Multimodal Communication; Embodiment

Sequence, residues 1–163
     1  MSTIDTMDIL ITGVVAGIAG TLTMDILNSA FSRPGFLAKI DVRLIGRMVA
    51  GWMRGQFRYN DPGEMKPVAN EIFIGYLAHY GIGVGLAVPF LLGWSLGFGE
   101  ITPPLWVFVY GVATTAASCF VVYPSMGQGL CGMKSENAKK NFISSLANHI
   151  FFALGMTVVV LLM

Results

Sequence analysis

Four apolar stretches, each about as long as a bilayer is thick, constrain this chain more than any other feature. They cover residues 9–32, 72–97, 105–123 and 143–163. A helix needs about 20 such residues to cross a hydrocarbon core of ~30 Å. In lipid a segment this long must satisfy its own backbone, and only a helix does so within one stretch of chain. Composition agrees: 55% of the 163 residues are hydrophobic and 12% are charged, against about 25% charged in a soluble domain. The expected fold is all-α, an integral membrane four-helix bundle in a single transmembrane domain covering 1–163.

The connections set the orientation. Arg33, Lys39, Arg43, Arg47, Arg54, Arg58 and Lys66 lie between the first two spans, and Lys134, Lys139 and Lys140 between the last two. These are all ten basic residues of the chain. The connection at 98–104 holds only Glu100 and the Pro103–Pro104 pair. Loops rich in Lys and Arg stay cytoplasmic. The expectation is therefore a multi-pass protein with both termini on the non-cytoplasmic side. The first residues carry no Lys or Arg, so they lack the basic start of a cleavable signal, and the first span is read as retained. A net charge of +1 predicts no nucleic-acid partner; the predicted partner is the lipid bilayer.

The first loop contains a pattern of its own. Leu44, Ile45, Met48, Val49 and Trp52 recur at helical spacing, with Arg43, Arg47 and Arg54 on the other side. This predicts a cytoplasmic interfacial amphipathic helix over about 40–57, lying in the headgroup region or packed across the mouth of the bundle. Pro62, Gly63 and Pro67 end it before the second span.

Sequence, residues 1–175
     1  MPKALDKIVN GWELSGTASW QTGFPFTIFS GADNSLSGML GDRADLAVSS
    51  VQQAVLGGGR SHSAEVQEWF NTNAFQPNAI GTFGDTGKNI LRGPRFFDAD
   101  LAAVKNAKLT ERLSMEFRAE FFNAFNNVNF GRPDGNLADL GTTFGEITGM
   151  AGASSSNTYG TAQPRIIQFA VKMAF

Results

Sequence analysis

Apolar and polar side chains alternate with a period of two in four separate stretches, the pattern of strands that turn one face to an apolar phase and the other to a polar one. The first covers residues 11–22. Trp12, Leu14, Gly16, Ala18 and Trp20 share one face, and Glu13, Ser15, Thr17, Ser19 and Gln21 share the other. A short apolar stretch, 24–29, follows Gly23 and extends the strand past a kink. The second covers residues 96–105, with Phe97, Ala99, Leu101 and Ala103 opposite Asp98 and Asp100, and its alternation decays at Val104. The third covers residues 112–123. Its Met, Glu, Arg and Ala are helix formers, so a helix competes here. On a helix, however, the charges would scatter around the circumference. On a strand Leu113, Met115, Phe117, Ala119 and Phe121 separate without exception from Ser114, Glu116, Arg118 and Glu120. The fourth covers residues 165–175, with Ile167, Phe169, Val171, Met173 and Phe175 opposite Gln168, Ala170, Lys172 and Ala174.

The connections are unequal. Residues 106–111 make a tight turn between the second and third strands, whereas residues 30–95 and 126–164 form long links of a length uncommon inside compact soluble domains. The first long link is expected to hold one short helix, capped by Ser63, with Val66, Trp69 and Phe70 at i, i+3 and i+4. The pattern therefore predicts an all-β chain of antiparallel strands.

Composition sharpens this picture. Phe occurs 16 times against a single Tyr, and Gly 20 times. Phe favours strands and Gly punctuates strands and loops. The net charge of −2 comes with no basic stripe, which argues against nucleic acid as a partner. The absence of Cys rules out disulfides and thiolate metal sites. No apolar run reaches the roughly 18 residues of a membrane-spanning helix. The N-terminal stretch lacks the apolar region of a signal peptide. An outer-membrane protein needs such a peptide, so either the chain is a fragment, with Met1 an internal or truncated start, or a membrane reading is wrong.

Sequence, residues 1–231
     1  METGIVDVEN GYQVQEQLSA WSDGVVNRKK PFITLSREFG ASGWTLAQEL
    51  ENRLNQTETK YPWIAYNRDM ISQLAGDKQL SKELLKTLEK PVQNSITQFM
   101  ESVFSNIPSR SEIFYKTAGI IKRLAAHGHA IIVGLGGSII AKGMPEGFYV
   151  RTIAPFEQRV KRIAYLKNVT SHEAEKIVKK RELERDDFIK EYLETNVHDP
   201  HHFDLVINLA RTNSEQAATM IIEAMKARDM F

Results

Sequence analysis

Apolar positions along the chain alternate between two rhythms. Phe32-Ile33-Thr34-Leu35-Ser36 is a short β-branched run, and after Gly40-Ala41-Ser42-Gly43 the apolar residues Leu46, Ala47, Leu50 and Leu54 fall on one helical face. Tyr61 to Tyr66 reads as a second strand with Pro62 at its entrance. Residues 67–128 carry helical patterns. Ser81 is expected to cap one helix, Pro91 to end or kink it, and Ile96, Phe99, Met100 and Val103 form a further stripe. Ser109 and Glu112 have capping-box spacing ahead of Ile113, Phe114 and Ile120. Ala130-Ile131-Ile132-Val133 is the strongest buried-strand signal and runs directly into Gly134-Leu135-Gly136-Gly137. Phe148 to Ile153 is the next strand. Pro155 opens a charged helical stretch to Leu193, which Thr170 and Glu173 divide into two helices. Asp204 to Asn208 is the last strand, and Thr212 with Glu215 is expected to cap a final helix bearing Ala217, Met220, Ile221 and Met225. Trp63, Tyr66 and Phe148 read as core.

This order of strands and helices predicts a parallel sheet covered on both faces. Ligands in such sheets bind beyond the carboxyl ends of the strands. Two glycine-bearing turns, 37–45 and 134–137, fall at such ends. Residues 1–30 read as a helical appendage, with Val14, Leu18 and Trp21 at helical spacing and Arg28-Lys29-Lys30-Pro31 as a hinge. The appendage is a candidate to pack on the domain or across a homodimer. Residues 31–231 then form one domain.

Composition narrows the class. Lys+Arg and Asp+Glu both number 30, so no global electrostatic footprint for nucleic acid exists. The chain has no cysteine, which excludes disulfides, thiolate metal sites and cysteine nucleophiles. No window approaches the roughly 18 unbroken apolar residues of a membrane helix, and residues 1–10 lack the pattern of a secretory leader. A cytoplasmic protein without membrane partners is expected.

This chapter argues for a composite utterances approach to research on body, language, and communication. It argues that to understand meaning we need to begin with the utterance or speech act as the unit of analysis. From this perspective, the primary task in interpreting others’ behaviour in communication is to infer what a person wants to say. In order to solve this task, an interpreter is free to consult any and all available information, regardless of the sensory modality in which that information is gathered (e.g., vision versus hearing), and regardless of the semiotic function of that information (e.g., iconic/indexical, symbolic/conventional, or some combination of these). Having recognized that another person has an intention to communicate, an interpreter takes the available relevant information (e.g., vocalizations, facial expressions, hand movements, all in the context of synchronic knowledge of linguistic and cultural systems, and other aspects of common ground) and looks for a way in which those cooccuring signs may simultaneously point to a single overall message of the move that a person is making. This is helped by the binding power of social cognition in an enchronic context (that is, the sequential context of turn-by-turn conversation), in particular the assumption that people are not merely saying things but making moves. The chapter focuses on co-speech hand gestures, and also discusses implications of the composite utterances approach to research on syntax, and on sign language.
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